Let’s not trivialize internal injuries suffered by our troops–updated

The Pentagon disclosed on January 18 that 34 U.S. service personnel had sustained brain injuries from the Iranian ballistic missile attack on their base in Iraq. Half of those service members were returned to Iraq with concussions, while the rest remained under medical care in the U.S. or Germany. It was revealed twelve days later that 30 more soldiers had sustained such injuries in the attack. All but 25 of the 64 have returned to duty in Iraq.

Asked how this squared up with his earlier pronouncement that the January 8 attack did not harm any American troops, President Trump trivialized the brain injuries. “I heard that they had headaches and a couple of other things. But I would say, and I can report, it is not very serious, not very serious.” Trump went on to say he did not consider traumatic brain injuries to be serious.

The Veterans of Foreign Wars, of which I am a long-time member, rightfully called for Trump to apologize for minimizing the severity of traumatic brain injury (TBI). After all, it has been recognized for years as one of the serious, long-term injuries inflicted on U.S. troops in Iraq and Afghanistan from explosive blast concussion.

The President could be excused for not knowing the serious nature of TBI. After all, he was excused from serving during the Vietnam War because of elusive bone spurs somewhere in the vicinity of his feet. I could easily have avoided military service on medical grounds but, like many patriotic Idahoans, I volunteered for combat. It soon became clear in Vietnam that debilitating injuries not apparent to the eye can be sustained in the combat setting.

Unfortunately, this nation has had a long history of denying the serious nature of unseen combat injuries that have plagued many honorable service members. During World War One, it was called “shell shock” and derided as inconsequential. In WW2, it was called combat exhaustion or battle fatigue. General George Patton famously slapped two soldiers who apparently suffered from the ailment.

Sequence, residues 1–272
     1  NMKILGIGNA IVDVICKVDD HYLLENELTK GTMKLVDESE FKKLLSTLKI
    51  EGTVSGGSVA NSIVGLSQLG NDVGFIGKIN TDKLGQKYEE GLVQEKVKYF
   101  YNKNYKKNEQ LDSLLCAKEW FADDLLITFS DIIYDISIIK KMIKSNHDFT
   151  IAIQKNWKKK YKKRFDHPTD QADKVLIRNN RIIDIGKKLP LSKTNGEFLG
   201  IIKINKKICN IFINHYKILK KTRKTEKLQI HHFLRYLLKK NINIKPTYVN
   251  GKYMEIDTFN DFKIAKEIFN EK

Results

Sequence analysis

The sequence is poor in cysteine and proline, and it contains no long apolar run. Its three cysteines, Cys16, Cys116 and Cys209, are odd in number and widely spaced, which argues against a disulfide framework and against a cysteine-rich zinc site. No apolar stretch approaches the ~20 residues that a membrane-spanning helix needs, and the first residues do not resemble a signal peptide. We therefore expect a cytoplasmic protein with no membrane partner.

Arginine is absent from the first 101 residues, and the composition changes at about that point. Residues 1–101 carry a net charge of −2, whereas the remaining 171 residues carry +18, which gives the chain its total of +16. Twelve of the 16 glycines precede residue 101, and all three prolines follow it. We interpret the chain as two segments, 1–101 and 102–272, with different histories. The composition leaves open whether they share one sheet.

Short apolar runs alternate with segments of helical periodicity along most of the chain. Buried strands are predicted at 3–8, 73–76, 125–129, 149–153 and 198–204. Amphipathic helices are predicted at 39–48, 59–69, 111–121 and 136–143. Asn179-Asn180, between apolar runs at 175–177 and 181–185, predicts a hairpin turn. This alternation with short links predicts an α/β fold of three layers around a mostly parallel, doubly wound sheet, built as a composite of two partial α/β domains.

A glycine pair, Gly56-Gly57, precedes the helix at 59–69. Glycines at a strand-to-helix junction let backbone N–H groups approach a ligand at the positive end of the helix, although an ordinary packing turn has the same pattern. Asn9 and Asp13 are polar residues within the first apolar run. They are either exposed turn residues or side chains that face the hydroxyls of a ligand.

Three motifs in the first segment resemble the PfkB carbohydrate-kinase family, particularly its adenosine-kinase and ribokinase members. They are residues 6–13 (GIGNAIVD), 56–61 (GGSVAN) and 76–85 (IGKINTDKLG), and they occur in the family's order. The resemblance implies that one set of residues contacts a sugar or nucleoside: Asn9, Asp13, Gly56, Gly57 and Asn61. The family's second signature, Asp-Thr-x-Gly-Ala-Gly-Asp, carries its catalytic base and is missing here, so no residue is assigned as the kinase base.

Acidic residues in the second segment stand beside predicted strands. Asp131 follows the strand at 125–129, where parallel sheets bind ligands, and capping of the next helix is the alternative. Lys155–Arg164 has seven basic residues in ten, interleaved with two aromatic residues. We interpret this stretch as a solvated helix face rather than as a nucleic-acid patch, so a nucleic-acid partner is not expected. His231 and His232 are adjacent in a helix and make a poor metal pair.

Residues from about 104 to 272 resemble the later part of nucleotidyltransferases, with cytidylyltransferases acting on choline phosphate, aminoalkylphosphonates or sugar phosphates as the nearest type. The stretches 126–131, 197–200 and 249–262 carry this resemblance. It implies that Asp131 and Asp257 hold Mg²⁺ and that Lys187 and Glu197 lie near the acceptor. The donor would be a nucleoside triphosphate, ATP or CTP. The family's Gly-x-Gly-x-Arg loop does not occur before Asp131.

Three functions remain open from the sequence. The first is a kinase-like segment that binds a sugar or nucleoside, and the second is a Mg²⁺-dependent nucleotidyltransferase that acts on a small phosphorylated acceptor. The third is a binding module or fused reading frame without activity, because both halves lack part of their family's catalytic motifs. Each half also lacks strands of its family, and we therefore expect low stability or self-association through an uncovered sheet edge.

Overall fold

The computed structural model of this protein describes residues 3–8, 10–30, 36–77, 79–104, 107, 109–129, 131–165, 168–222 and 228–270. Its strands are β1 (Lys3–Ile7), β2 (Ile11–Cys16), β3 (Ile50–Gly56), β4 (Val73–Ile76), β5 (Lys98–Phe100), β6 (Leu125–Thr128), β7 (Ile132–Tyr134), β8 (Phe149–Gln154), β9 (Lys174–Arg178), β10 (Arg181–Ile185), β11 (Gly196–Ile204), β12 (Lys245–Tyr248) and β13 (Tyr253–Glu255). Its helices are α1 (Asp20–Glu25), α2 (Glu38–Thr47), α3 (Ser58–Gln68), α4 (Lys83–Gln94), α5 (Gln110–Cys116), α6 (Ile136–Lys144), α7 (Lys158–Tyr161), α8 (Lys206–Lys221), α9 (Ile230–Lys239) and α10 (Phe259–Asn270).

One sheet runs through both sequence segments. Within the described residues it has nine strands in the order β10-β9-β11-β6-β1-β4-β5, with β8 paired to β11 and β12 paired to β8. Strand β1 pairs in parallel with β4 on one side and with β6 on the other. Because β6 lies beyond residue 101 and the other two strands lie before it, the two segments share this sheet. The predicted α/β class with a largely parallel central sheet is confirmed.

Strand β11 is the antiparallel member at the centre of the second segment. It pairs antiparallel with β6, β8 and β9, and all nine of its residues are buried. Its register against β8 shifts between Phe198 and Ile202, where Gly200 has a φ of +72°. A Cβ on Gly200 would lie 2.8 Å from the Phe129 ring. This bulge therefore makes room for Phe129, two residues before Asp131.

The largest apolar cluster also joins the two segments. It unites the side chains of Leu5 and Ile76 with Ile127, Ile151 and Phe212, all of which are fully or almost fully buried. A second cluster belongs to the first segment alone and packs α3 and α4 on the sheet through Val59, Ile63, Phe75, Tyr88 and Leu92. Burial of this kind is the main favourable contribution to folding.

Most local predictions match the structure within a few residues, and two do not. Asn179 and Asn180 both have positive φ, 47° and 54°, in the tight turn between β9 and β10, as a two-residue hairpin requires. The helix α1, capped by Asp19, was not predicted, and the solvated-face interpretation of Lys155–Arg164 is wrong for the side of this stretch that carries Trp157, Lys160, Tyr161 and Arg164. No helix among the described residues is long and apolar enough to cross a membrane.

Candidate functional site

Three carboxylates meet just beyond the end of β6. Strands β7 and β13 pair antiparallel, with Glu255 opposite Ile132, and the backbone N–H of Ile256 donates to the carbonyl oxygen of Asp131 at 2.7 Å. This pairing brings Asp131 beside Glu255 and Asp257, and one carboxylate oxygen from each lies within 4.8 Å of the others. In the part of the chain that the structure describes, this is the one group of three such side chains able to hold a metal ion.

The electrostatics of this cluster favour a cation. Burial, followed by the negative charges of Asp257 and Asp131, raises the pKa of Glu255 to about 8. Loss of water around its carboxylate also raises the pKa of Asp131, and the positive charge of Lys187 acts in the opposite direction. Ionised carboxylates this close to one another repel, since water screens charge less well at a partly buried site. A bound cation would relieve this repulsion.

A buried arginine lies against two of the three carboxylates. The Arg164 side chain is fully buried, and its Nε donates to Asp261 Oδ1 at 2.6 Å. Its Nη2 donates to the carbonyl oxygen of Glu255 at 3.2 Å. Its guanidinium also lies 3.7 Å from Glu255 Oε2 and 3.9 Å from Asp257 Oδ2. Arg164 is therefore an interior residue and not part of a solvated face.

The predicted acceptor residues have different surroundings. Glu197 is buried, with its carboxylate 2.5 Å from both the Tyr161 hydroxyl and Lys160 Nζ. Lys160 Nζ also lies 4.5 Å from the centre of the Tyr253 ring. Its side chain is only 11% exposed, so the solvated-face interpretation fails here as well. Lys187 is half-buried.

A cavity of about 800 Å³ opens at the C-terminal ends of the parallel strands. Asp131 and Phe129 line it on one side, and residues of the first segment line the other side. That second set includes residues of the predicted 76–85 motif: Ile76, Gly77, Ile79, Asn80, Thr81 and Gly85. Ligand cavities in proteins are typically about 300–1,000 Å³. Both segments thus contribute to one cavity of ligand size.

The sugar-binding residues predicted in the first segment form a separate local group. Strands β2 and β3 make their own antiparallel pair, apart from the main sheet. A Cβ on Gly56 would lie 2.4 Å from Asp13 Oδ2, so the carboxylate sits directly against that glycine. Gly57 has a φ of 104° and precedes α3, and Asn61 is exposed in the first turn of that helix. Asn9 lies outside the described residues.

Many Korean War veterans suffered from various manifestations of combat stress, which were often, but wrongly, attributed to weakness or cowardice. Vietnam produced complaints of post-traumatic stress and a variety of ailments related to exposure to Agent Orange. Since no observable injuries were apparent, the Veterans Administration strenuously denied compensation and treatment for these conditions for years. PTSD is now accepted as a legitimate diagnosis and injuries related to Agent Orange are officially recognized.

Along came the First Gulf War and its attendant ailments that came to be known as Gulf War syndrome. Again, the government denied compensation and treatment from the get-go and the Department of Veterans Affairs still denies over 80% of the claims based on the condition.

When TBI surfaced as a medical condition during the wars in Afghanistan and Iraq, the government was again sluggish to respond with identification and treatment of the affliction. After years of disorganized response, the condition has been recognized and taken seriously. The Pentagon now has an office devoted to tracking the ailment and promoting awareness of it. Over 400,000 service personnel have been diagnosed with TBI since 2000.

The President’s callous response to the injuries sustained from the Iranian attack is symptomatic of the government response to internal combat injuries over the long haul. It is destructive of the obligation we have as a country to make sure that those who put themselves at risk for all of us receive compensation and the best care possible for all of the injuries they sustain for their selfless sacrifice.

When it appears that service members have suffered any type of injury, whether or not it is apparent to the eye, the proper response is a good-faith examination of the ailment to see whether it is genuine and related to service to the country. Anything less is a gross abdication of our responsibility to those who protect our nation. When the Commander in Chief trivializes serious medical ailments afflicting service members, it jeopardizes the health and well-being of the troops.

Jim Jones served as an artillery officer in the Vietnam War (1968-1969). Jones has published a book about that experience—Vietnam…Can’t get you out of my mind.

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